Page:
Skip to main content

Verified by Psychology Today

Keith Rollag Ph.D.
Keith Rollag Ph.D.
First Impressions

The Secret to Great First Impressions

A simple mantra for networking success.

Jayne Mattson
Source: Jayne Mattson

(co-authored with Jayne Mattson)

Whether we’re networking for a new job, joining a new group, or meeting our new neighbors, we all want to make a great first impression. But often we can be our own worst enemy and sabotage first impressions by talking too much or too little about ourselves.

One of us (Jayne Mattson, a career consultant and Founder of CareerEngage) has developed a simple-but-effective strategy to ensure we make positive first impressions with those with meet.

She suggests that the next time you introduce yourself (or get introduced) to someone new, remember four words:


After the initial handshake and name exchange, get other people talking about themselves (YOU…YOU) by asking questions, showing interest, and following up with more questions to learn more about their background and interests. Then find an opportunity to share something about yourself (…ME) and then try to end the conversation with a renewed focus on them (…YOU).

In other words, the best strategy for making a great first impression is NOT by trying to impress other people with your own qualities and success, but by ensuring they walk away from the conversation 1) feeling heard, valued and energized and 2) learning something positive and memorable about you.

Talking Too Much

In her years of coaching, Jayne has found that some people tend to talk too much about themselves. Some do it out of nervousness or fear of awkward pauses in conversations (and what those pauses imply). For others it’s simply because they gain energy by talking and can’t help themselves. For a few it’s an unhealthy ego and a belief they are one of the most interesting people in the world.

Either way, instead of YOU…YOU…ME…YOU the conversation ends up either:

ME…ME…ME…ME (and not only do you look self-absorbed but you also bore other people to death)

YOU…ME…ME…ME (and it becomes obvious that you’re not that interested in them)

ME…ME…ME…YOU (and the token display of interest at the end comes off as patronizing)

Talking Too Little

On the flip side, Jayne has found that some people tend to talk too little about themselves. For some it’s nervousness or uncertainty around what to say about themselves. For others it’s the difficulty of getting “air time” among highly talkative people. Either way, instead of YOU…YOU…ME…YOU the conversation ends up mostly YOU…YOU…YOU…YOU. While others may walk away from the conversation feeling energized, they remember nothing about you or why a continued relationship might be beneficial (other than that you’re a good listener).

Avoiding Conversational Ping Pong

If you’re lucky and you’re interacting with someone who also understands this strategy, you’ll likely have a more balanced, give-and-take conversation that energizes and satisfies both of you. But don’t assume that all conversations should be either ME…YOU…ME…YOU or YOU…ME…YOU…ME. Conversations rarely flow in such a rigid back-and-forth way, and if you’re waiting for the other person to reciprocate with a question every time you ask one, you’ll likely set yourself up for frustration.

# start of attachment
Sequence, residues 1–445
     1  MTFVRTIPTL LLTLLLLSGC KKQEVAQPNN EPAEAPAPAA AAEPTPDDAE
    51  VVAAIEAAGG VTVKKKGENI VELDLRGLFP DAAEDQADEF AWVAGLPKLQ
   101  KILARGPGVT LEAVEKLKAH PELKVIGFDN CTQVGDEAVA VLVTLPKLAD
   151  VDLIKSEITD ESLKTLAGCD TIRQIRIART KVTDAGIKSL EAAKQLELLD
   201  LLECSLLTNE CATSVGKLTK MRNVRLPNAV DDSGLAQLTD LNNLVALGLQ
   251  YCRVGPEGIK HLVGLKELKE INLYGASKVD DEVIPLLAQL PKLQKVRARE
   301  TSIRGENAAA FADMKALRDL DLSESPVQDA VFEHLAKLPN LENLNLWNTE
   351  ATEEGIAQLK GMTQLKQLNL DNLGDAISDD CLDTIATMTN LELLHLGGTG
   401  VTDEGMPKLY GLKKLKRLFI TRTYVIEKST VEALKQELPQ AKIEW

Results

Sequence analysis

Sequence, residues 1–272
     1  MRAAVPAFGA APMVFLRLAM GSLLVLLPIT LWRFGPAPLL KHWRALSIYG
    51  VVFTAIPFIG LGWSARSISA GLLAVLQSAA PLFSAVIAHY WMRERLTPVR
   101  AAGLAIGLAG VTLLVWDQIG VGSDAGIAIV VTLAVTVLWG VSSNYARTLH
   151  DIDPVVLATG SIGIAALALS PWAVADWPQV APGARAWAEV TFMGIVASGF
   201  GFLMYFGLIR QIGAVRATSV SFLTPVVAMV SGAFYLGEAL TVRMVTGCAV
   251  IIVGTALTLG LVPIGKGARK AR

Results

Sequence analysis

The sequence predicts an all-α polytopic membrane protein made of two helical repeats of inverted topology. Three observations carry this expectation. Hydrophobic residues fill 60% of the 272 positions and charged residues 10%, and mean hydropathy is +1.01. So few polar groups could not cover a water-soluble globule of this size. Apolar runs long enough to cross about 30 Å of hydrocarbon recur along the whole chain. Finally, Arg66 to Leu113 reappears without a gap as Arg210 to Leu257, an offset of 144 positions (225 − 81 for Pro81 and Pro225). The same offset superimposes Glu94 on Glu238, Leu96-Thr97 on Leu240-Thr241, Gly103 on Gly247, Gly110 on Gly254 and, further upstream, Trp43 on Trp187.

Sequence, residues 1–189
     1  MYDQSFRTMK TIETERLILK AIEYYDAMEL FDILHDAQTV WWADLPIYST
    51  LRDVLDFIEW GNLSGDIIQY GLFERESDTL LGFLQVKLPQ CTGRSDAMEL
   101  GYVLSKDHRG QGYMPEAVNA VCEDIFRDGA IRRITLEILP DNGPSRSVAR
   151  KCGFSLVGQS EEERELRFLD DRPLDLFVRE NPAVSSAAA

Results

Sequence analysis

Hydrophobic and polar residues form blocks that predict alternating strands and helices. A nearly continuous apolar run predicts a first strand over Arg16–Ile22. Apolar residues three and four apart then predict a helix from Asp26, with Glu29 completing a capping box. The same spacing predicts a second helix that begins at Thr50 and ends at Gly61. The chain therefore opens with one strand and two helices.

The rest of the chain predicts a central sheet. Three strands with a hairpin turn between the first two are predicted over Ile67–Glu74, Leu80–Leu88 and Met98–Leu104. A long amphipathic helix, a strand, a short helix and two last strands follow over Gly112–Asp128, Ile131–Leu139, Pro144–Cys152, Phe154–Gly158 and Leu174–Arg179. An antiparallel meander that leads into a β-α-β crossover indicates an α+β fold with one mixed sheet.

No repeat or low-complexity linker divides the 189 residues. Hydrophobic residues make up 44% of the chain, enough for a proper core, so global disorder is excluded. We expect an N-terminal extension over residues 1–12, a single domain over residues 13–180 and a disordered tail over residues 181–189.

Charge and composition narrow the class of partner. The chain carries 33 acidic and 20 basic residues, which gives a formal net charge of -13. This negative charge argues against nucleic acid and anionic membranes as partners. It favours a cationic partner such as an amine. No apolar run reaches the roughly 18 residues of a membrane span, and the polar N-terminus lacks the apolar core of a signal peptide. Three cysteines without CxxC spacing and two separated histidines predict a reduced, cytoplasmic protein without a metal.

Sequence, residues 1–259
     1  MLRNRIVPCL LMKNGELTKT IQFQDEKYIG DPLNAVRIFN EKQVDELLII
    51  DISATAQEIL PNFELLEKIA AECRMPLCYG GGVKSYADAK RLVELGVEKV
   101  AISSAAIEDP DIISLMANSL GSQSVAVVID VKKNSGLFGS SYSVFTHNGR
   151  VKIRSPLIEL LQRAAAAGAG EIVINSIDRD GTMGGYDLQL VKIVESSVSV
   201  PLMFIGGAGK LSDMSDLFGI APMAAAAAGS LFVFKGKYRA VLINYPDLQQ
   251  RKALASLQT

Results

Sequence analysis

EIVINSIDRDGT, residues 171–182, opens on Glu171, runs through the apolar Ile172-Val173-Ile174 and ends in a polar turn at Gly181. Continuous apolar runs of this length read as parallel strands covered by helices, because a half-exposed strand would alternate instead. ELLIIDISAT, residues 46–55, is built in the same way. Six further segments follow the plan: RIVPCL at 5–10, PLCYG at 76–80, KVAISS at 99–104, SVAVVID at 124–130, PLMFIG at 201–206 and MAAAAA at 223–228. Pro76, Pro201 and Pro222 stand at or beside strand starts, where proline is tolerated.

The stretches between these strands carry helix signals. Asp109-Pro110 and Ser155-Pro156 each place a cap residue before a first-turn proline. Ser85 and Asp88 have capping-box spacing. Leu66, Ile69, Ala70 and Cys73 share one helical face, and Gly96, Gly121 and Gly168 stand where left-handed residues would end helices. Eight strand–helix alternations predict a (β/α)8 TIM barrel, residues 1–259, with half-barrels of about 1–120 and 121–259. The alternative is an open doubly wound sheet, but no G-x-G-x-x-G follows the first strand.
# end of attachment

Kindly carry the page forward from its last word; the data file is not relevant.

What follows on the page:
How to Make YOU…YOU…ME…YOU Work

Jayne offers these six tips to make this a successful strategy:

  1. Try to ask 3-4 questions of the other person before talking about yourself.
  2. Build your next question off what they have just said. This shows you’re paying attention.
  3. Don’t forget the non-verbals. Show you’re interested by periodically establishing eye contact and leaning forward.
  4. As you start to talk about yourself, use what you’ve learned about the other person to selectively emphasize things that you have in common.
  5. As the conversation naturally reaches its end, ask one more question to bring the focus back to the other person. Look for opportunities to be helpful, whether it’s providing information, advice, support, or just momentary companionship.
  6. If it seems right, suggest meeting again to continue the conversation, and exchange contact information. Position your future meeting as an opportunity for mutual benefit.

All it Takes is Practice

Of course, YOU…YOU…ME…YOU isn’t a strict formula. But reminding yourself about it just before you meet someone new can help you avoid the traps of talking too much or too little, and ensure the other person walks away with not only a good first impression but a willingness to interact with you down the road. And it all starts with showing interest in others. As Dale Carnegie once said “You can make more friends in two months by becoming interested in other people than you can in two years by trying to get other people interested in you!”

Jayne has used YOU…YOU…ME…YOU with many of her coaching clients and they’ve found it a simple way to reduce anxiety, build confidence, and increase their willingness to put themselves out there and build the relationships they need to find success and happiness.

About the Author
Keith Rollag Ph.D.

Keith Rollag, Ph.D., is Associate Professor and Chair of the Management Division at Babson College.

More from Keith Rollag Ph.D.
More from Psychology Today
More from Keith Rollag Ph.D.
More from Psychology Today